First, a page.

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Bristol school closes after student numbers dwindle

By on Thursday, 5 August 2010

An independent Catholic school in Bristol is to close, after going into administration. St. Ursula’s school, set up by the Sisters of Mercy, went into administration on Tuesday following a sharp decline in numbers of pupils. A statement from the administrators on Tuesday stated that pupil numbers had fallen from around 400 to just 160, causing the school to no longer be “financially viable”.

Over 40 staff have lost their jobs as a result of the news. A rescue offer, which included a package to cover unpaid salaries fell through. The deal with Oasis Community Learning had included money set aside to cover the £75,000 salaries bill, as well as plans to continue the school as a fee-charging institution for a further year before attempting to transform it into a state-funded academy.

But the Sisters of Mercy have rejected the deal, saying that they could only support a deal which would keep the school Catholic. A statement made by the Sisters of Mercy stated that they “are not trying to force the closure of St Ursula’s School”, but that they “have been open with the school’s trustees that we can only invest in any new plan for the school if it continues to be a Catholic school”.

The nuns added, that “no viable plan for a Catholic school has been forthcoming”, and that they are “open to the use of the St Ursula’s property as a non-denominational school but as of this moment, no-one has come forward with sufficient funds to set up and ensure the long term viability of a new school.”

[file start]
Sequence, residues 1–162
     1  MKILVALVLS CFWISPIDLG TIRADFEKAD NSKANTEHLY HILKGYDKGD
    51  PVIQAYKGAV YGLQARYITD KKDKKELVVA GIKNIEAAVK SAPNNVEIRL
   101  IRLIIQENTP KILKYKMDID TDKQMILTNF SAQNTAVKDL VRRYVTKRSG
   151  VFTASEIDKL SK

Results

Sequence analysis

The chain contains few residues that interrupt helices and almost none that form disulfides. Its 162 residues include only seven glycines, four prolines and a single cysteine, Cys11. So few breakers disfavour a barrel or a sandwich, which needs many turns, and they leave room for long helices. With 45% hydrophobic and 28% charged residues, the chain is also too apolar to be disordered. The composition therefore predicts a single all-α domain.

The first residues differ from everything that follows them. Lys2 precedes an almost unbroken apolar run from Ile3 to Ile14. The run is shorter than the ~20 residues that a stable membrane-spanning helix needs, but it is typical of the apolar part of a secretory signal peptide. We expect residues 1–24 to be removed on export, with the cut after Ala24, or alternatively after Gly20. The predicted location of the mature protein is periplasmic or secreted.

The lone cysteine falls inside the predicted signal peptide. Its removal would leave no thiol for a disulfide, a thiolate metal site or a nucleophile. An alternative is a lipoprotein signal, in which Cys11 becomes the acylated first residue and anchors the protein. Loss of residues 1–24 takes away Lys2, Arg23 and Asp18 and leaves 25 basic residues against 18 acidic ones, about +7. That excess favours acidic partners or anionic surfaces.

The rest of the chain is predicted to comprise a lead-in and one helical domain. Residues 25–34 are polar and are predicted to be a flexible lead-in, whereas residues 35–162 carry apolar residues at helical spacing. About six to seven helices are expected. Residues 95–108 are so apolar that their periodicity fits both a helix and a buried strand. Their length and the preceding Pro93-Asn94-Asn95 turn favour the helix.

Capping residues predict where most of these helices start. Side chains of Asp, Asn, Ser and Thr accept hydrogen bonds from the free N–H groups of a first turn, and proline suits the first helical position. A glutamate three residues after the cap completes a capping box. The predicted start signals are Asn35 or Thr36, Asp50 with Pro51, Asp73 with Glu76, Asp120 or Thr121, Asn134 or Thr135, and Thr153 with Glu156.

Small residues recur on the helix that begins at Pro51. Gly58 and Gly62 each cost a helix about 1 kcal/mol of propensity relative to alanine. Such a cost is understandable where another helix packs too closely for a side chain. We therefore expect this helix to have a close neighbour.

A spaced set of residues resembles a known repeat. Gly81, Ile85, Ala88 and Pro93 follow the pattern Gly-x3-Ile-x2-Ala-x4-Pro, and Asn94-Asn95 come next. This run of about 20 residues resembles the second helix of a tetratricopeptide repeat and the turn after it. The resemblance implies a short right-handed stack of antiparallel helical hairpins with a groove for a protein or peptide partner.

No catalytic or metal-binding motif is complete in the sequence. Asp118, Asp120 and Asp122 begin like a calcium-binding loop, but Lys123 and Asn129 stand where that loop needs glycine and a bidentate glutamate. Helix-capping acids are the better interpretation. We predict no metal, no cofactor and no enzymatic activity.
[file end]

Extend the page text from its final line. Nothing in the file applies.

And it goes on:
Bristol City Council has released a joint statement with Oasis Community Learning, saying that the Council “was deeply saddened” to hear of the school’s closure, and that the council “has been actively supporting recent efforts by Oasis to step in and safeguard a future for the school”.

  • Neil Cartwright

    For the CatholicHerald record, I feel that all interested and concerned, St Ursula's School parents and teachers, should be aware that an alternative “very viable” proposal (alternative to the Oasis plans which have been broadcast all over the press) was made to Grant Thornton ahead of the school being put into administration on 3rd August. The Sisters of Mercy were offered a financial package well in excess of £1,000,000 to save the school as an independent Catholic school, so it is absolutely untrue that “no viable plan for a catholic school has been forthcoming”. The now administrators, Grant Thornton, the High School Trustees and the Sister's of Mercy all have details of these proposals and are aware of the funding details. In addition, it is understood that the Sister's of Mercy are now trying to extract as much cash from the sale of the school and site as possible, which has clearly always been their intention. The figure in question lies somewhere between £1,600,000 and £2,000,000 which highlights the “greed” with which the Sister's of Mercy have approach the schools underlying problems

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